304 North Cardinal St.
Dorchester Center, MA 02124
304 North Cardinal St.
Dorchester Center, MA 02124
Why does my Howard Miller grandfather clock not chime? Check that the strike on/off lever in not in the “strike off” position or halfway between positions. Check that the movement is not in the “night off” position. Be sure that all the packing material is removed from the movement area.
How do I get my Howard Miller grandfather clock to chime? To do this, start with the minute hand pointing to one of the quarter hours (3, 6, 9 or 12). Then turn the minute hand backward (counter-clockwise) to the previous quarter hour and then continue back (counter clockwise) an additional 5 minutes. Next, bring the minute hand forward to the starting place again.
Why did my grandfather clock stop chiming? If your clock has stopped chiming after 5 years, or has stopped chiming correctly, chances are the problem is a lack of, or improper, maintenance. Most manufacturers of clocks recommend ‘oiling’ a clock every year. The clock often stops functioning properly due to this lack of lubrication or from the worn parts.
How do you fix a grandfather clock that doesn’t chime? Reset the nighttime shut-off. Chime is off/will not chime: Ensure that the chime is not in the “OFF” position. If this does not solve the problem, replace the batteries. The clock chimes several minutes before the hour when the hands are moved manually: This is normal.
There is no set rule, it depends on the clock! So many of my customers are shocked when they see me move the hands backwards on their clocks. In the last sixty or seventy years more than 95% of the clocks manufactured have been designed so that you can safely move the minute hand counter-clockwise.
Yes, the order is critical for proper function. On 99% of floor clocks (grandfather/grandmother) with three weights, the heavier weight goes on the right-hand chain hook or pulley as you are FACING the clock.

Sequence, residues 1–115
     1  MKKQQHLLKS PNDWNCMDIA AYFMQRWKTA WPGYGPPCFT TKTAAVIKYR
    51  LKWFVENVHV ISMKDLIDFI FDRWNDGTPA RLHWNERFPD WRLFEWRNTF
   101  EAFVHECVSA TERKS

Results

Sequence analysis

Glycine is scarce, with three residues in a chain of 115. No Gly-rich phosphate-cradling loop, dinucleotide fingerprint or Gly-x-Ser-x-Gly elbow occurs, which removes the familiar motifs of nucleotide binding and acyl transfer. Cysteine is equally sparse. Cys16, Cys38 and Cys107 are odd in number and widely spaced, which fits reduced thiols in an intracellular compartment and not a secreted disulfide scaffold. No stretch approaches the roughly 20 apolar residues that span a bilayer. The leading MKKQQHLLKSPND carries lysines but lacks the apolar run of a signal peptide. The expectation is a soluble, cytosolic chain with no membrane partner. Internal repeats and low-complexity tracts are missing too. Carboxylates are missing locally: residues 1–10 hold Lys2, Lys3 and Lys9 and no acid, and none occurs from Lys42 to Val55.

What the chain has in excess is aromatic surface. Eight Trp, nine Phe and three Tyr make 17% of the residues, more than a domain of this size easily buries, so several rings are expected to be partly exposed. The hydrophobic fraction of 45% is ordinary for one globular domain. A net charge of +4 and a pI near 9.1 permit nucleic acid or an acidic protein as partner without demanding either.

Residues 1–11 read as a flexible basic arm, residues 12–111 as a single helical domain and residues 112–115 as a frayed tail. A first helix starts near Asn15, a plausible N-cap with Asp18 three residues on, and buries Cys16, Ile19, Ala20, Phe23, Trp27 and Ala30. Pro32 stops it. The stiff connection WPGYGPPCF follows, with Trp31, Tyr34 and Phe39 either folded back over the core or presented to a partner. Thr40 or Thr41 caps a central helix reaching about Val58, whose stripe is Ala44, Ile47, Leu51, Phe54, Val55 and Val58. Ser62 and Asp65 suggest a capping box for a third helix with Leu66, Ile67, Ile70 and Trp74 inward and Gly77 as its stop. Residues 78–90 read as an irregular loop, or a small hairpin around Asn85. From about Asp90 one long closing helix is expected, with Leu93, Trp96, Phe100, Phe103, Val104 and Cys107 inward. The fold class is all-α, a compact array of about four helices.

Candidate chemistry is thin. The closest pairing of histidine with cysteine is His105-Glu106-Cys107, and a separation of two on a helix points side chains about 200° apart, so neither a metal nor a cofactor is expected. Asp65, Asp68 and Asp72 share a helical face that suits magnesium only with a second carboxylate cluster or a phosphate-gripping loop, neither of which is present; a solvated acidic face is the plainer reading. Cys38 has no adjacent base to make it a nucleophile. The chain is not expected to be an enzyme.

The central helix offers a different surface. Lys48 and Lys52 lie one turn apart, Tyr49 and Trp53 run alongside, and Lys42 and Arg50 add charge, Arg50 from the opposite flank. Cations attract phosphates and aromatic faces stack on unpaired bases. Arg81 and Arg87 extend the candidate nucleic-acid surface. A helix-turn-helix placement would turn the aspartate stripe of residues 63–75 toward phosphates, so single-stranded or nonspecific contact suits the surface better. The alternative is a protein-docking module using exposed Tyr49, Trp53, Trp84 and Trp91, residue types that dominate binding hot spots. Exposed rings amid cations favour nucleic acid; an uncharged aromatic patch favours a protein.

The three weights provide power to the hour strike (left weight), time (center weight), and chime melody (right weight). Without these weights, the Grandfather Clock would not operate.
If there is no markings to identify the weights, hang the heaviest weight on the right side as it needs more power to run all of the chime hammers. The other two equal or lighter weights should be placed in any order on the left side and center position. This will usually work on most grandfather clocks.
Usual care for grandfather clocks is to have the clock oiled about every five years. Oiling the clock takes expertise by removing the hands and dial so the front of the movement can be accessed to apply the special types of oils used to reduce the friction in your grandfather clock.
Wind your clock once a week. It does not matter in what order the clock weights wound. All springs must be fully wound.
The heaviest weight is “R,” the next heaviest is “C” and the lightest is “L.” Open the door to the clock. Grab the chain on the left-hand side. It has a small brass plate with a hole in it attached to one end.
Using cloth gloves, or at least a cloth of some kind, pull down on the weight some. This is the same as making the weight weigh more. At the same time, turn the minute hand past the quarter hour to see if it will engage the chime. When you advance the time and make it chime, the weight will slowly come down.